The five most promising contenders for France's presidency faced off in their first televised debate. Who were the night's winners, and who were its losers? A look at the reactions.
The candidates were nervous and their statements stilted - that is how the conservative French newspaper "Le Figaro" described the start of Monday night's televised presidential debate. "All seemed to fear starting off with an irreparable mistake."
There was certainly no shortage of fuel for discussion: accusations of corruption have hung over conservative candidate Francois Fillon's campaign for weeks. National Front party leader Marine Le Pen has consistently provoked her political opponents with rightwing populist statements about the European Union (EU) and Islam. And many eyes will have been on Emmanuel Macron as he asserted himself for the first time in a widely-watched political exchange. The social-liberal candidate and founder of the "En Marche!" (Forward!) party currently leads French opinion polls.
Three hours and ten million viewers
Then the three-hour debate on migration, education, secularism and the French economy finally took off. An average of 9.8 million viewers watched as the five presidential candidates defended their ideas. The viewship numbers were provided by TF1, which televised the debate. The broadcaster said that at one point as many as 11.5 million viewers tuned in.
Le Pen stuck to her standard themes: "protecting borders," "security for all French citizens," and "protectionism." She demanded that, "The French people must reclaim their sovereignty." Le Pen's campaign stands for a return to France's former national currency, the franc, and a referendum on leaving the EU. She used the debate as an opportunity to blame Brussels for "unemployment and poverty."
Candidates clashed with contrasting positions on the subject of economic policy. Fillon criticized Le Pen's calls to abandon the euro - calling her a "purchasing power serial killer." Another confrontation erupted over the issue of working hours, where Fillon and Macron took clear stances in opposition to the leftist candidates Jean-Luc Melenchon and Benoit Hamon, both of whom want a shorter work week.
The return of the burkini
The candidates also revisited a controversial topic that made headlines last year: the burkini.
Le Pen went on the offensive: "You, Emmanuel Macron, were for the burkini weren't you?"
To which Macron vigorously countered: "You are lying by twisting the truth," going on to accuse her of "dividing" French society and saying her treatment of the issue had nothing to do with secularism. Macron's measured response regarding France's strict separation of church and state was lauded online.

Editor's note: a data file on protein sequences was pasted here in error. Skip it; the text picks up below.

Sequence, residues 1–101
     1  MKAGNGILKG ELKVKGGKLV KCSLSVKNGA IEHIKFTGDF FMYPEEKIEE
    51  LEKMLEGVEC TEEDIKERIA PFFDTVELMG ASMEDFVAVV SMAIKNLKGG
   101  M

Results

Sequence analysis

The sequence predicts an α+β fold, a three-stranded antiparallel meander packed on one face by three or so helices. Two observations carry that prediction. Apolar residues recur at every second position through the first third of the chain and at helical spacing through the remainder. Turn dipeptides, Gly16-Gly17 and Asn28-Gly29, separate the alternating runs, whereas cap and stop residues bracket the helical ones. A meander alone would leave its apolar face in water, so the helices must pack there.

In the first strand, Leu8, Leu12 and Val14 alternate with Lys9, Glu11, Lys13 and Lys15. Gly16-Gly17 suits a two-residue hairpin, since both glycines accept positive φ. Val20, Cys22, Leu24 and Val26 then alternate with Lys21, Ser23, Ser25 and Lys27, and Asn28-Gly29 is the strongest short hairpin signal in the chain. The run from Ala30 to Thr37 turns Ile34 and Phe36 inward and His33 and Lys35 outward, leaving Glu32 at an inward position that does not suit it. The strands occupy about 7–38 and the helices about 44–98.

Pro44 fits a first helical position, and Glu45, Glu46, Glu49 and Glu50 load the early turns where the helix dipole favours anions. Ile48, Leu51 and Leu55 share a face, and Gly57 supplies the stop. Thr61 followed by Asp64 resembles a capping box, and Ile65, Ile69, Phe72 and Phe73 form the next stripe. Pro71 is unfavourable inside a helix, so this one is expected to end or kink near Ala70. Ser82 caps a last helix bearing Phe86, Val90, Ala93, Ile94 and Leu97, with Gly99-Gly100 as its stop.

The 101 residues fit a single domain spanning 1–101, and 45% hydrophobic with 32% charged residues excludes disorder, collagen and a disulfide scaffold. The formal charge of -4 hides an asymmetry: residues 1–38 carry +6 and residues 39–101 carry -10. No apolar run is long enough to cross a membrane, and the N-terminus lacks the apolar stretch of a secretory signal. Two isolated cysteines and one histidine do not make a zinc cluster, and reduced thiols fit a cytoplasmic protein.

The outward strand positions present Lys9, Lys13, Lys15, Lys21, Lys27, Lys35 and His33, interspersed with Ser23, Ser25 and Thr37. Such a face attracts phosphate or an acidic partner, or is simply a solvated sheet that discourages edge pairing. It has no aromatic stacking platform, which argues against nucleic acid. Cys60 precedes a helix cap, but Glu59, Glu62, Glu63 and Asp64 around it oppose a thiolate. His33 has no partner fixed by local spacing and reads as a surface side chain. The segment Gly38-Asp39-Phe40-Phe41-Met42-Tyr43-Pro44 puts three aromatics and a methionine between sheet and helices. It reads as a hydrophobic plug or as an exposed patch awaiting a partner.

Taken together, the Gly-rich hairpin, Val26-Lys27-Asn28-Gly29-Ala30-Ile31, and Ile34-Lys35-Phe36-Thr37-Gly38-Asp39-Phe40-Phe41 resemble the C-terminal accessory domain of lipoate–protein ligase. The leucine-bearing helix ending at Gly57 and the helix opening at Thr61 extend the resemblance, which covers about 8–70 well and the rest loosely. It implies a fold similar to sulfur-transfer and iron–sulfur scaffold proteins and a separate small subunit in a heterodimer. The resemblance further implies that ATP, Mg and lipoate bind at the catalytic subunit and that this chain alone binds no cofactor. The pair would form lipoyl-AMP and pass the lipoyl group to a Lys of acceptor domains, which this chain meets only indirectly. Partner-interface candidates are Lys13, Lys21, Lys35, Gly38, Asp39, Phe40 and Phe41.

The terms "burkini" and "concordat" - a contract between the French state and the Vatican - were the most Googled words in France from then until 11 p.m.
When it came to foreign policyit was Melenchon's chance to ruffle feathers, calling for France's withdrawal from NATO and the creation of a "Peace Bloc" with Russia, and also saying that Ukraine's borders must also be "discussed anew." Macron took a clear pro-European stance, calling for closer relations with Germany, even going so far as to praise Chancellor Angela Merkel's refugee policies.
'I have faults'
Things could have been much worse for Fillon. Moderators largely avoided the topic of "political ethics," thus sparing the "Les Républicains" (The Republicans) candidate from having to enter the minefield of accusations surrounding payments made to his wife for work it appears she never did. In a statesman-like aside he simply said: "I have faults, who doesn't?"
In the end, Le Pen accused Macron of having talked a lot without having said anything, a jab for which Twitter users gave the far-right candidate debate points.
Nevertheless, the clear winner of a snap post-debate poll was Macron. Some 29 percent of viewers found him to have been the most convincing of the five, followed by Melenchon with 20 and Fillon with 19 percent. Thirty percent of those polled agreed that Macron had the best political program, and 31 percent said that he had the right qualities to be president. He was followed by Fillon with 24 percent and Le Pen with 17 in that category.
Contrasting positions, ideological splits
The leftist Paris newspaper "Liberation" summed up the candidates' positions as follows: "Far-right populist Marine Le Pen proposes a nationalist, xenophobic and anti-European break. Francois Fillon stands for a liberal and conservative approach reminiscent of Margaret Thatcher. Emmanuel Macron is calling for a form of modern centrism based on social-liberal ideals. And Socialist Benoit Hamon as well as Left Party founder Jean-Luc Melenchon both want a social-ecological turning point and hope to jump start consumption and economic growth." The paper went on to say that, "Voters are thus faced with a fundamental decision that will determine the future of the country."
"Le Figaro" was also of the opinion that differences between rightwing, centrist and leftwing positions had become obvious during the debate. Furthermore, it said the debate had highlighted anti- and pro-European positions. The paper concluded by saying, "The debate was a departure from affairs and a return to content."